deflection of the rotor in the edgewise mode. Plot layout as in
Fig.

Harmonic modal components for the two-bladed turbine mode dominated by
tower fore–aft motion. Plot layout as in
Fig.

Harmonic modal components for the two-bladed turbine mode dominated by
tower side–side motion. Plot layout as in
Fig.

Harmonic modal components for the two-bladed turbine mode dominated by
symmetric deflection of the rotor in the first flapwise DOF across the rotor
speed range. Plot layout as in Fig.

Harmonic modal components for the two-bladed turbine mode dominated by
antisymmetric deflection of the rotor in the first flapwise DOF across the
rotor speed range. Plot layout as in
Fig.

Looking at the individual mode shapes, the increased number of harmonics also
increases the number of couplings between the different DOFs in each mode.
The tower fore–aft mode in Fig.

The tower side–side mode in Fig.

The symmetric and antisymmetric flapwise modes in Figs.

For the second antisymmetric flapwise mode in Fig.

Harmonic modal components for the two-bladed turbine mode dominated by
antisymmetric deflection of the rotor in the edgewise DOF. Plot layout as in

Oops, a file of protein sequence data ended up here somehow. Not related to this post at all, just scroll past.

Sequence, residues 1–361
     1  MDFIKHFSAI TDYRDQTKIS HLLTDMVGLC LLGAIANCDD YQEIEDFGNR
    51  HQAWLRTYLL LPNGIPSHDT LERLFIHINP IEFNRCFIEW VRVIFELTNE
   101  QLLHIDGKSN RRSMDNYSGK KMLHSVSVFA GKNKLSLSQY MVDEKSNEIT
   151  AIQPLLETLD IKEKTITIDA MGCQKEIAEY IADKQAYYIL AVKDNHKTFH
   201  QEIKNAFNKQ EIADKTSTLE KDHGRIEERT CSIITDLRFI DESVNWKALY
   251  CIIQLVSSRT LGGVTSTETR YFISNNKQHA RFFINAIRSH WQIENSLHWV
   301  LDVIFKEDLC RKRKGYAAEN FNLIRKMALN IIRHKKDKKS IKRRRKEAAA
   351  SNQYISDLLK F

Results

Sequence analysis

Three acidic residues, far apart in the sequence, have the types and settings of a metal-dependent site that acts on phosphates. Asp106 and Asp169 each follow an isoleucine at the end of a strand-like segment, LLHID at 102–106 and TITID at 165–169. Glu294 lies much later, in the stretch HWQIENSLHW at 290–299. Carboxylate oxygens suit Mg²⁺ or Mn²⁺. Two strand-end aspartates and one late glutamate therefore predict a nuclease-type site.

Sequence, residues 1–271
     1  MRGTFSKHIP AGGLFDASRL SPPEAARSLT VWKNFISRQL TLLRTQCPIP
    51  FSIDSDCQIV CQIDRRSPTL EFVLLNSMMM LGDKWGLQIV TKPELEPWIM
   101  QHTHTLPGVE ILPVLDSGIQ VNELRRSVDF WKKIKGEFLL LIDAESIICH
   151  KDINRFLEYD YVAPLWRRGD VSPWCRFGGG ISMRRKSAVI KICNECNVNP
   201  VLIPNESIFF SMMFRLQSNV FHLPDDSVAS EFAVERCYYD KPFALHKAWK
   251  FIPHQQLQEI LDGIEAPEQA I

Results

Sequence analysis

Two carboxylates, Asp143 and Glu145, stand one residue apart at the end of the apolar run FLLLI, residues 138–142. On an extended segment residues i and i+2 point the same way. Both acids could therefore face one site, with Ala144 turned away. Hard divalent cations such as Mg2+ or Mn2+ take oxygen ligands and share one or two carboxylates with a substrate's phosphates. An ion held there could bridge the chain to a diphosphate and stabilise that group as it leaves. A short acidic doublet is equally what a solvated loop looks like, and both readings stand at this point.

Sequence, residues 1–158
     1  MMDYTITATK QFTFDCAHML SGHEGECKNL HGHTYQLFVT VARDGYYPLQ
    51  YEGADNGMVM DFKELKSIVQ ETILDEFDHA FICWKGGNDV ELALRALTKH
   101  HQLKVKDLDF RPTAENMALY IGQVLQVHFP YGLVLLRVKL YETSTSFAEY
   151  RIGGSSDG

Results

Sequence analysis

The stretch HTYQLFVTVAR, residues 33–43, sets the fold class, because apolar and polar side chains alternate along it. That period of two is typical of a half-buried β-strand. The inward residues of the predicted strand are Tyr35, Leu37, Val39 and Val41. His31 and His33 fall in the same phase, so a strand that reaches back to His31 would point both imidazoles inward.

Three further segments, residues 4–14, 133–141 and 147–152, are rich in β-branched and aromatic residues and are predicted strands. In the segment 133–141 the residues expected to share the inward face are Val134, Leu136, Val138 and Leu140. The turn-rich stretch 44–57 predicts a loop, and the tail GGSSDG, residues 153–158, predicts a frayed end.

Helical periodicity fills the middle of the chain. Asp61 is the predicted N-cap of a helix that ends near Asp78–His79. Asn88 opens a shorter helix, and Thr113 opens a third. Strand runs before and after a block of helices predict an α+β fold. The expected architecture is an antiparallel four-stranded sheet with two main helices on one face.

Fig.

Harmonic modal components for the two-bladed turbine mode dominated by
antisymmetric deflection of the rotor in the second flapwise DOF. Plot
layout as in Fig.

Harmonic modal components for the two-bladed turbine mode dominated by
symmetric deflection of the rotor in the edgewise DOF for the higher rotor
speeds. Plot layout as in Fig.

Harmonic modal components for the two-bladed turbine mode dominated by
symmetric deflection of the rotor in the second flapwise DOF. Plot layout as
in Fig.

Periodic Campbell diagrams of all harmonic components of the tower side–side DOF in all investigated modes for the three-bladed (left panel) and two-bladed (right panel) version of the DTU 10 MW RWT.

The modal dynamics of the turbines with two- and three-bladed rotors show several
similarities but also significant differences:

The rigid-body drivetrain rotation mode (trivial and therefore not shown) is identical for the two turbines.

Tower bending modes are similar in frequencies and shapes, except that the fore–aft mode for the two-bladed turbine may contain large components of the first flapwise blade mode when the rotor speed is such that these frequencies of the higher harmonic components are crossing the modal frequency of this blade mode.

The first symmetric edgewise rotor mode is very similar in frequency and shape because its reaction forces do not couple to other DOFs through large periodic terms in the system matrix.

The symmetric flapwise rotor modes are similar in frequency and shape,
except that the first symmetric flapwise mode of the two-bladed turbine in
Fig.